Aung San Suu Kyi – Opinion Piece
October 10, 2017
The genocide that took place during the Holocaust is impossible to forget. It still haunts our memories, still evokes pain and fear, still remains a chapter of our global history that we reflect upon with utter shame and disbelief. We hope that similar tragedies will never occur again. But even in this enlightened and humanistic age, we seem to have forgotten the lessons we learned from the Holocaust. In a distant corner of the world, in a country called Myanmar, history repeats itself.
Buddhist nationalism in Myanmar has resulted in minority religions like Islam being marginalized, to such an extreme degree that the two million Muslim Rohingya in Myanmar have been denied existence. The government has stripped them of their citizenship and they are dubbed illegal ‘Bengali immigrants’, although they have been part of the country since its independence from British Rule in 1948. Conflict between the Rohingya and the Buddhist majority have escalated into a series of massacres, in which military men indiscriminately shoot at the Rohingya, including infants, and also rape women, then kill them.
As the leader of the National League for Democracy (NLD), Aung San Suu Kyi has resiliently fought for a more free Myanmar. The country was previously heavily controlled by a long term military dictatorship. Suu Kyi was put under house arrest for nearly twenty years and couldn’t see her husband even when he died. In 2015, her party won a landslide election, with a majority of people voting for NLD, a major accomplishment for Myanmar.
Despite being an advocate for peace, Aung San Suu Kyi remains silent in the face of the Rohingya crisis. She flatly denied any ‘clearance operations’ and called one woman’s gang rape testimony ‘a fake rape’. People demand that Aung San Suu Kyi be stripped of her Nobel Prize because her actions contradict the humanitarian rights that the Prize seeks to reward.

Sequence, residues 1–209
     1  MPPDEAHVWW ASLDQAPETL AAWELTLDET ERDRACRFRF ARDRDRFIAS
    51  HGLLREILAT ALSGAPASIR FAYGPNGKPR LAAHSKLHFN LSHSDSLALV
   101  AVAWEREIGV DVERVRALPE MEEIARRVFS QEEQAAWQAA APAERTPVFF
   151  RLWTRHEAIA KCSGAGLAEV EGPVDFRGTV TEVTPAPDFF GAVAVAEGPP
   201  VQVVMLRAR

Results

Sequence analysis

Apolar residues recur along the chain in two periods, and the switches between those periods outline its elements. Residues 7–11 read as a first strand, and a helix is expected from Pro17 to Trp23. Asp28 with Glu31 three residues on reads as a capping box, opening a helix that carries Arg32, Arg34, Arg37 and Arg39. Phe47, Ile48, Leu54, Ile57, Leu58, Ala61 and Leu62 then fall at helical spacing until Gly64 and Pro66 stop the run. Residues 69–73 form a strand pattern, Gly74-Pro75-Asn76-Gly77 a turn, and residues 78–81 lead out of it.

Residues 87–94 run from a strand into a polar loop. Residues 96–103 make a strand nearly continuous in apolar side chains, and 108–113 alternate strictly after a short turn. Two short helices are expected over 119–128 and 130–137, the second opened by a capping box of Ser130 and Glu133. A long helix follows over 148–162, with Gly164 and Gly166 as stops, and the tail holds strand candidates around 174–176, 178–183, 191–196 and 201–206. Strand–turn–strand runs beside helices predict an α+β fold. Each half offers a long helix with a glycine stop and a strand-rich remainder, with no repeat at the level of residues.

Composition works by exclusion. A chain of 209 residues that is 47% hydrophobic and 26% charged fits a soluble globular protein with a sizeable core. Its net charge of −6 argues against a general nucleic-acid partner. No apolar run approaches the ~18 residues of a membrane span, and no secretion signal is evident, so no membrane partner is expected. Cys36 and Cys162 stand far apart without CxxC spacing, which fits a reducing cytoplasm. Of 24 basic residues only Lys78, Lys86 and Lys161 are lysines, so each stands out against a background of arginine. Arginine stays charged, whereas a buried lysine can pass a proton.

So far, a number of fellow laureates have spoken up about the atrocities. “Over the last several years, I have repeatedly condemned this tragic and shameful treatment. I am still waiting for my fellow Nobel Laureate Aung San Suu Kyi to do the same. The world is waiting and the Rohingya Muslims are waiting,” said Malala Yousafzai, who won the Nobel Prize for encouraging girl’s education.
Despite how outrageous Suu Kyi’s silence is, we must seriously ask ourselves if she is the only one to blame. Her inaction may be partially explained by military pressure and political complexities. If she opposes the violence against the Rohingya people, there is a chance she will lose national and governmental support, which are the only forces keeping her in power. This would not stop the genocide in the long term because then the military can regain their authority and continue their rampage. While her perceived indifference is not a viable option for either the Rohingya’s rights or her international reputation, it seems to be the most political way for Suu Kyi to maintain her democratic leadership. Therefore, taking her Nobel Peace Prize might just be what the military wants for Suu Kyi: to lose support from both the national and international communities. The calls for her to be stripped of her Nobel Peace Prize are important, insofar as they are pressuring Suu Kyi not to forget the Rohingya minority in Myanmar, and it is important that Suu Kyi makes a more concerted effort to assist the Rohingya minority. Suu Kyi’s response has been much too reserved, and thousands of Rohingya have died as a result. But what’s the alternative? It very well may be a military dictatorship that will continue to launch attacks on the Rohingya, with even less accountability. The situation is even more complex when considering that the military in Myanmar still has the authority to reverse decisions made by Suu Kyi.
Then there comes the question of whether the global community’s focus should even be on her Nobel Peace Prize. The Burmese military’s dominance comes from the weapons and resources provided by other world powers. While there are weapons embargoes in the EU and US against the Burmese military, India, China, and Russia and Israel still send weapons and assist in the training of soldiers. Moreover, although Suu Kyi is deliberately avoiding the issue, she is nonetheless one of the most reasonable political leaders within the country. Thus, if we want to really halt the atrocities, our world leaders might need to withdraw support for the military, negotiate immigration solutions, or push Suu Kyi to collaborate. Another seemingly difficult, but not altogether impossible approach, is to diplomatically persuade the Burmese people to be less hostile toward the Rohingya. After all, should true Buddhists not preach and show compassion toward living beings?
One of the mistakes made during and before the Holocaust was misunderstanding the political situation in Germany, specifically the factors that led to such a brutal and inhumane genocide. We mustn’t make the same mistake in Myanmar. Ending the Rohingya genocide must be a global effort, and it must involve fully understanding the political situation in Myanmar. Aung San Suu Kyi’s silence is reprehensible, but our inability as a global community to end the atrocities in Myanmar might say a lot about our own silence.